December 6, 2016

Liability for Non-Employees: Beware Apparent Authority

by Kim Stanger

As a general rule, hospitals and other healthcare providers are not liable for the acts of non-employed medical staff members, independent contractors or vendors; instead, each party is responsible for its own actions or those of its employees or agents who are acting within the scope of their employment or agency. However, courts are sometimes willing to hold a hospital or provider vicariously liable for the acts of non-employees under the doctrine of “apparent authority”.

Apparent Authority. In Jones v. Healthsouth Treasure Valley, for example, the Idaho Supreme Court held that a hospital might be liable for the acts of an independent contractor if: (1) the hospital’s conduct would lead a plaintiff to reasonably believe that another person acts on the hospital’s behalf (i.e., the hospital held out that other person as the hospital’s agent); and (2) the plaintiff reasonably believes that the putative agent’s services are rendered on behalf of the hospital (i.e., the plaintiff is justified in believing that the actor is acting as the agent of the hospital). (147 Idaho 109, 206 P.3d 473 (2009)). The Idaho Supreme Court recently reaffirmed the apparent authority theory in Navo v. Bingham Memorial Hospital, 160 Idaho 363, 373 P.3d 681 (2016). Continue reading

November 29, 2016

Beware Gifts to Providers, Patients or Other Referral Sources

By Kim Stanger, Holland & Hart LLP

At this time of year, healthcare providers may want to give gifts to referring providers, patients or other sources of business; however, such gifts may violate federal and state fraud and abuse laws and result in fines—or worse—to both the giver and recipient. Here are some guidelines to ensure your gift giving does not get you in trouble with the government.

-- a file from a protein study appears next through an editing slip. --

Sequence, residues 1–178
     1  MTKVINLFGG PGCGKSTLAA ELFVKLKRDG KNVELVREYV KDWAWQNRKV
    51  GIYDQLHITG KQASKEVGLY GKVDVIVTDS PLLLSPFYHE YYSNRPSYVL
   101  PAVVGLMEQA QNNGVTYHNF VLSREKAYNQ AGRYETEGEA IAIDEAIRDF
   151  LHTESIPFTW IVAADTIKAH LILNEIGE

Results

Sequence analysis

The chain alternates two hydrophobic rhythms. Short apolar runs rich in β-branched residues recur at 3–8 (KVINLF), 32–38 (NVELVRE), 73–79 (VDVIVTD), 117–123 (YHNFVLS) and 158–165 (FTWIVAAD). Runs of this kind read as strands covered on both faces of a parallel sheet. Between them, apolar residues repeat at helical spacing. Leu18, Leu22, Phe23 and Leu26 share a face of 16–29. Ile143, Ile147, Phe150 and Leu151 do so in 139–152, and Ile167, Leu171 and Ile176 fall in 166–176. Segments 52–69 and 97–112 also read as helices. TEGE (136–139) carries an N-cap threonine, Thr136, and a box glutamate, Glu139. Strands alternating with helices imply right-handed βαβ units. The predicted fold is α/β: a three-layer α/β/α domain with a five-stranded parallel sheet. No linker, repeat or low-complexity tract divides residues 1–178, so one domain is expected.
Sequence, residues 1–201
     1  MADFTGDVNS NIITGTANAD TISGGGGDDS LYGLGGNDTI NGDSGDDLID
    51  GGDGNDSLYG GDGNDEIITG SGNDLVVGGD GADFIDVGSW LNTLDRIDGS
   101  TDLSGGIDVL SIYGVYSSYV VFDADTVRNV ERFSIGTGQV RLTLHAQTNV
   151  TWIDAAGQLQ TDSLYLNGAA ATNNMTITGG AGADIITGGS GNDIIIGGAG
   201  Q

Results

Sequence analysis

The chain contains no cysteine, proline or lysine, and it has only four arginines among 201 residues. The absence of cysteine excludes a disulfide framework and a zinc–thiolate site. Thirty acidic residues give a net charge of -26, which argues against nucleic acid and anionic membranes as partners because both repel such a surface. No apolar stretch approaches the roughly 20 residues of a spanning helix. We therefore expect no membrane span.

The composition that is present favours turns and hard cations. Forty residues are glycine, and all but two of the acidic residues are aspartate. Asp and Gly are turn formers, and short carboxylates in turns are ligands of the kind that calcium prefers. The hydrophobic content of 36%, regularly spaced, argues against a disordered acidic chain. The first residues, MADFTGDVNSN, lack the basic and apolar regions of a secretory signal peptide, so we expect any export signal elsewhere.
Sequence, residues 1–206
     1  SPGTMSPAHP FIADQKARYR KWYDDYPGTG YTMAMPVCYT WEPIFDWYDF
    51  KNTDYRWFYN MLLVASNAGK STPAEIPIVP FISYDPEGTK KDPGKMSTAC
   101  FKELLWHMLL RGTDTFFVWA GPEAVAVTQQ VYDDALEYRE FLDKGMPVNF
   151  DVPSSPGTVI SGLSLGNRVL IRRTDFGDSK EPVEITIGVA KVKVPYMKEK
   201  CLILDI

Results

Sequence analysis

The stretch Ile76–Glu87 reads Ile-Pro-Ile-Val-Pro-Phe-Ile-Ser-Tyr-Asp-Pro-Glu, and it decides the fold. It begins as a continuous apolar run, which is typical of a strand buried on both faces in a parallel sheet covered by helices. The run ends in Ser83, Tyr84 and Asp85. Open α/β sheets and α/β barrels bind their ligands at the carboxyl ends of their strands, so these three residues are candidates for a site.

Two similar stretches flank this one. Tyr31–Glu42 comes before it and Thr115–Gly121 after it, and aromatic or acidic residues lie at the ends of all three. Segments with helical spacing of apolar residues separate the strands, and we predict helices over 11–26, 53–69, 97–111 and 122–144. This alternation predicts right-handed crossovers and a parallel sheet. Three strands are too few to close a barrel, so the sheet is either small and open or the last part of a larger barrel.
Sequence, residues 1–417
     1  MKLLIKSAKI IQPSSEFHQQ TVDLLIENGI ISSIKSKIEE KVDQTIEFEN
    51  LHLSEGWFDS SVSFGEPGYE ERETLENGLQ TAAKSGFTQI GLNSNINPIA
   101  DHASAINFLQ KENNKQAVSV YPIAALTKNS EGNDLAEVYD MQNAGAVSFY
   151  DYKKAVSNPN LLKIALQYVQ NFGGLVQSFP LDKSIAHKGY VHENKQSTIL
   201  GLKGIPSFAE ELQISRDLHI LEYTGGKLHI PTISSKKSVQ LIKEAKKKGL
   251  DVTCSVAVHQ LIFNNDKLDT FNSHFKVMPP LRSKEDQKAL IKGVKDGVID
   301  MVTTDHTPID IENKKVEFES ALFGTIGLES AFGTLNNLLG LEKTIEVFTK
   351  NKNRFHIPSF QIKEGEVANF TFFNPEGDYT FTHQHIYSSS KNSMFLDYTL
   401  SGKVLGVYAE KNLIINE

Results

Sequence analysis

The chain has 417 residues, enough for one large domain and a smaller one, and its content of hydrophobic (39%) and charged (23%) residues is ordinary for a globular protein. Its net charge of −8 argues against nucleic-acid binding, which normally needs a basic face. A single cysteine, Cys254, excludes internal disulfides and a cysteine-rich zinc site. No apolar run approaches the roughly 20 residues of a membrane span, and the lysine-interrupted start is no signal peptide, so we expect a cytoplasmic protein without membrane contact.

1. Gifts To Referral Sources. The federal Anti-Kickback Statute (“AKS”) prohibits soliciting, offering, giving, or receiving remuneration in exchange for referrals for items or services covered by federal healthcare programs (e.g., Medicare and Medicaid) unless the arrangement fits within a regulatory exception. (42 USC 1320a-7b(b)). AKS violations are felonies, and may result in criminal and civil penalties, False Claims Act liability, and exclusion from Medicare and Medicaid programs. The AKS is violated if “one purpose” of the remuneration is to induce federal program referrals, including gifts to referring practitioners or program beneficiaries to encourage or reward their business. (OIG Adv. Op. 12-14). Significantly, the AKS applies to both the giver and recipient; thus, soliciting or receiving gifts from vendors or other providers may expose the recipient to liability. The OIG has suggested that “nominal” gifts would not create much AKS risk, but offers no guidance as to what is “nominal”. (65 FR 59441). The AKS does not expressly apply to referrals for private pay business, but the OIG has warned that offering remuneration to obtain private pay referrals may also induce federal program business and thereby violate the AKS. (OIG Adv. Op. 12-06). In addition, offering gifts to induce or reward private pay business may violate state laws, including state laws prohibiting kickbacks, rebates, or fee splitting. (See, e.g., Idaho Code 41-348 and 54-1814). In short, you should not give or accept gifts to or from referral sources (especially those referring federal program business) unless the gift is truly nominal, is clearly and completely unrelated to past or future referrals, or is very unlikely to influence referrals. Continue reading

November 23, 2016

Responding to Negative Internet Reviews: Beware HIPAA

By Kim Stanger, Holland & Hart LLP

As a healthcare provider, you may log onto the internet one day only to discover a negative review from a disgruntled patient or family member. Undoubtedly, the review contains inaccurate, incomplete, or downright defamatory information. Your first impulse may be to post a response online, but doing so may subject you to HIPAA fines, adverse licensure action, or privacy lawsuits.